Yesterday I checked my campus mailbox and found that, to my delight, I had received a copy of Gerry Wheaton’s recently published monograph, The Role of the Jewish Feasts in John’s Gospel (SNTSMS 162; Cambridge: Cambridge University Press). This monograph is a revised version of Wheaton’s dissertation, written at St. Andrews, initially under the direction of Richard Bauckham, who was then passed on to Kelly Iverson after Bauckham’s departure from St. Andrews. Wheaton is currently Professor of New Testament at Seminario ESEPA in San Jose, Costa Rica. Here’s a description of the book:
In the first three Gospels, Jesus rarely travels to Jerusalem prior to his final week. The Fourth Gospel, however, features Jesus’ repeated visits to the city, which occur primarily during major festivals. This volume elucidates the role of the Jewish feasts of Passover, Tabernacles, and Dedication in John’s presentation of Jesus. Gerry Wheaton examines the Fourth Gospel in relation to pertinent sources from the second-Temple and rabbinic periods, offering a fresh understanding of how John appropriates the symbolic and traditional backgrounds of these feasts. Wheaton situates his inquiry within the larger question of Judaism in John’s Gospel, which many consider to be the most anti-Semitic New Testament text. The findings of this study significantly contribute to the ongoing debate surrounding the alleged anti-Jewish posture of the Fourth Gospel as a whole, and it offers new insights that will appeal to scholars of Johannine theology, New Testament studies, and Jewish studies.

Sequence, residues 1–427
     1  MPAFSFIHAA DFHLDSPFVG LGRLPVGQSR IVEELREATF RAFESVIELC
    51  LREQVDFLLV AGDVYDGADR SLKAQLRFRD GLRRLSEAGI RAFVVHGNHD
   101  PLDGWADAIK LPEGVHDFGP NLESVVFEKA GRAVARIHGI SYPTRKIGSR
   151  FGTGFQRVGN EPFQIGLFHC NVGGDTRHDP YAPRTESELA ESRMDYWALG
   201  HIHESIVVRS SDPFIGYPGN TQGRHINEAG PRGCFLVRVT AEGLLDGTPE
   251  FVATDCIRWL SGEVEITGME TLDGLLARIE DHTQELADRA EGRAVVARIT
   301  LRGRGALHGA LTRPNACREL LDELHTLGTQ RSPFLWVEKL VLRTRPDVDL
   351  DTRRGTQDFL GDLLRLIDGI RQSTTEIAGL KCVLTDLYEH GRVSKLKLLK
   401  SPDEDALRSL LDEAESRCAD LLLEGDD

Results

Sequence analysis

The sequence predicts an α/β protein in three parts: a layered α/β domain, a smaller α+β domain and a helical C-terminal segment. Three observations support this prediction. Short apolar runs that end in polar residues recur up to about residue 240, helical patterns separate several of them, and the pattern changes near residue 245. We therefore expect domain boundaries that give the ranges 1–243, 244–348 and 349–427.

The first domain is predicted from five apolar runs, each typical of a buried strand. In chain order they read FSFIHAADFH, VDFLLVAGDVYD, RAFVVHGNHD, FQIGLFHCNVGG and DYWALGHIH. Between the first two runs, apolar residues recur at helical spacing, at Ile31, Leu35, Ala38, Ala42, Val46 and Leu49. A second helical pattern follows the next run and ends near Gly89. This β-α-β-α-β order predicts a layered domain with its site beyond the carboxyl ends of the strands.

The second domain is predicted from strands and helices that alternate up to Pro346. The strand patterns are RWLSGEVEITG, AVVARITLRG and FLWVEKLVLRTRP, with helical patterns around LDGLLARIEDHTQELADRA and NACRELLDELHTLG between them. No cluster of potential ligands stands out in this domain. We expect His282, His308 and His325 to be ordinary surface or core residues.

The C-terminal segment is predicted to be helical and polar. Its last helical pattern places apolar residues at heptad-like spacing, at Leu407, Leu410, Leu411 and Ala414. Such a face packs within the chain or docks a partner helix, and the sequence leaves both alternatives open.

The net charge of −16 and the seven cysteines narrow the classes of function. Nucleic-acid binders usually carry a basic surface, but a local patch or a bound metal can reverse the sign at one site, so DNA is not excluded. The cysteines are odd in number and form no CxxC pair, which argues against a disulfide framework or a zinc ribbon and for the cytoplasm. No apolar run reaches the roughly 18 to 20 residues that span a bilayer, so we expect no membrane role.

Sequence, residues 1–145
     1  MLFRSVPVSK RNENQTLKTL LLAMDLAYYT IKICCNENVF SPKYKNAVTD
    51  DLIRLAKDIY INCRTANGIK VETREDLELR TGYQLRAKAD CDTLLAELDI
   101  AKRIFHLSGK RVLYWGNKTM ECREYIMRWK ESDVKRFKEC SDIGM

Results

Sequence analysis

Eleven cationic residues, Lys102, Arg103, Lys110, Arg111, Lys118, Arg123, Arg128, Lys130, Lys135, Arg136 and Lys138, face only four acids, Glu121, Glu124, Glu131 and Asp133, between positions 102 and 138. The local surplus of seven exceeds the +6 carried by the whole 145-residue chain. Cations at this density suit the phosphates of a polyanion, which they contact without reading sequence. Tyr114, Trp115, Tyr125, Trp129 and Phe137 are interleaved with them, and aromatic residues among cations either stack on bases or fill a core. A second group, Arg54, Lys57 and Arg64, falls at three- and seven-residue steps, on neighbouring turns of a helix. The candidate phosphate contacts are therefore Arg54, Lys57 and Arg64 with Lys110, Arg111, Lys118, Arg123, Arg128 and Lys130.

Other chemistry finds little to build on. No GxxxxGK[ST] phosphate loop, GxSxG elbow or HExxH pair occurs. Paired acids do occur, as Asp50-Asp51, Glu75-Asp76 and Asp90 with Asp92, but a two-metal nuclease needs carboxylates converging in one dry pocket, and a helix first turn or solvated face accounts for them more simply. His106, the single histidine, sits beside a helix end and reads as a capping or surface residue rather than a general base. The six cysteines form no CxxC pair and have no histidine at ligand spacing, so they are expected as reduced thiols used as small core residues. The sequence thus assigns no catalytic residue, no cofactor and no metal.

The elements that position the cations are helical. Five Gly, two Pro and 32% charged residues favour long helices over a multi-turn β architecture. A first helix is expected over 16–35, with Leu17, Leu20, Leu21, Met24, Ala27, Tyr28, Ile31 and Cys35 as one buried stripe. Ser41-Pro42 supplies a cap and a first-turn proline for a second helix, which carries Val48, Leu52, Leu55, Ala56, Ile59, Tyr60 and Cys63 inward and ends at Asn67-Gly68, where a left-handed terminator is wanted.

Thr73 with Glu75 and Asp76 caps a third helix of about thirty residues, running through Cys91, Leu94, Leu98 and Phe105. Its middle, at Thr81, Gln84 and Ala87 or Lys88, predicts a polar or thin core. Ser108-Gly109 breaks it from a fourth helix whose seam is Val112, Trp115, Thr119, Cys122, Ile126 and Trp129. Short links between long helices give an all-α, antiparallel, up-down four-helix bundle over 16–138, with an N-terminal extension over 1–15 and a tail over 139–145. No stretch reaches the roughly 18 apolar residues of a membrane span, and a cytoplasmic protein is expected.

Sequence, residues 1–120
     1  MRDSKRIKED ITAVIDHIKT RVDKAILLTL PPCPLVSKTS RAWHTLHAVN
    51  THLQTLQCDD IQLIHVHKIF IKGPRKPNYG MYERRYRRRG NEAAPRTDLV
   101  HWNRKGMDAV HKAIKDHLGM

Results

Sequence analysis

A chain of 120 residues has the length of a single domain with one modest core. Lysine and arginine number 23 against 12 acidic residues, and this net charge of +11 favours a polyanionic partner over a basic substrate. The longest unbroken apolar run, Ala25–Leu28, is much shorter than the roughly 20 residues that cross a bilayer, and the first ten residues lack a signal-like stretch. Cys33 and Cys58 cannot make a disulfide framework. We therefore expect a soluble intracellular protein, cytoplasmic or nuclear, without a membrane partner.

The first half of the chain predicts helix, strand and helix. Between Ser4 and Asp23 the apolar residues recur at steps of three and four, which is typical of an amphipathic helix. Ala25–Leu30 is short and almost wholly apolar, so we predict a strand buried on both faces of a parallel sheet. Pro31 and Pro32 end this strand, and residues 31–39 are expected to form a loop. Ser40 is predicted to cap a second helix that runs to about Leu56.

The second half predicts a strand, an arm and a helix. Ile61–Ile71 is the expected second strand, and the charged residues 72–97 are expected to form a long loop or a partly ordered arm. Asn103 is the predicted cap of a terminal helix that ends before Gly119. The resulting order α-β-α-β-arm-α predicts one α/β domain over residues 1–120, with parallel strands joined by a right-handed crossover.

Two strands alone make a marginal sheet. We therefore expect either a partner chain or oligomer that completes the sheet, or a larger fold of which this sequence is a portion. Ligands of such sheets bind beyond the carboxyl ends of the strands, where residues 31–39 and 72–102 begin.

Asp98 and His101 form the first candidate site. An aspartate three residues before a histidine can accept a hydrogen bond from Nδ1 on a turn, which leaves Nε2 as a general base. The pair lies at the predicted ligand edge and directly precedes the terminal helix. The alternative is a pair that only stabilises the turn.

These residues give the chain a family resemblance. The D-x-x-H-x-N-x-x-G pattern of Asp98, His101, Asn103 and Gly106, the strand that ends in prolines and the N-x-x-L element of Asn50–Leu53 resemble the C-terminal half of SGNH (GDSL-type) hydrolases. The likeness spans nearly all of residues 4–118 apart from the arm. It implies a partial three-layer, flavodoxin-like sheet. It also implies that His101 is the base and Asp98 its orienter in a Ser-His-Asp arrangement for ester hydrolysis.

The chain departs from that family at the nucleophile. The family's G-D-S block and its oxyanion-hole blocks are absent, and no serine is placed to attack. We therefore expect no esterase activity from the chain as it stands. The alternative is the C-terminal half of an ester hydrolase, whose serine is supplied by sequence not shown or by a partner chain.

I was excited to get this book; I only wish I had had access to it six months ago when I was writing a chapter on John and Judaism for my forthcoming book. I look forward to working through Wheaton’s argument. Thanks to the good people at CUP for the copy!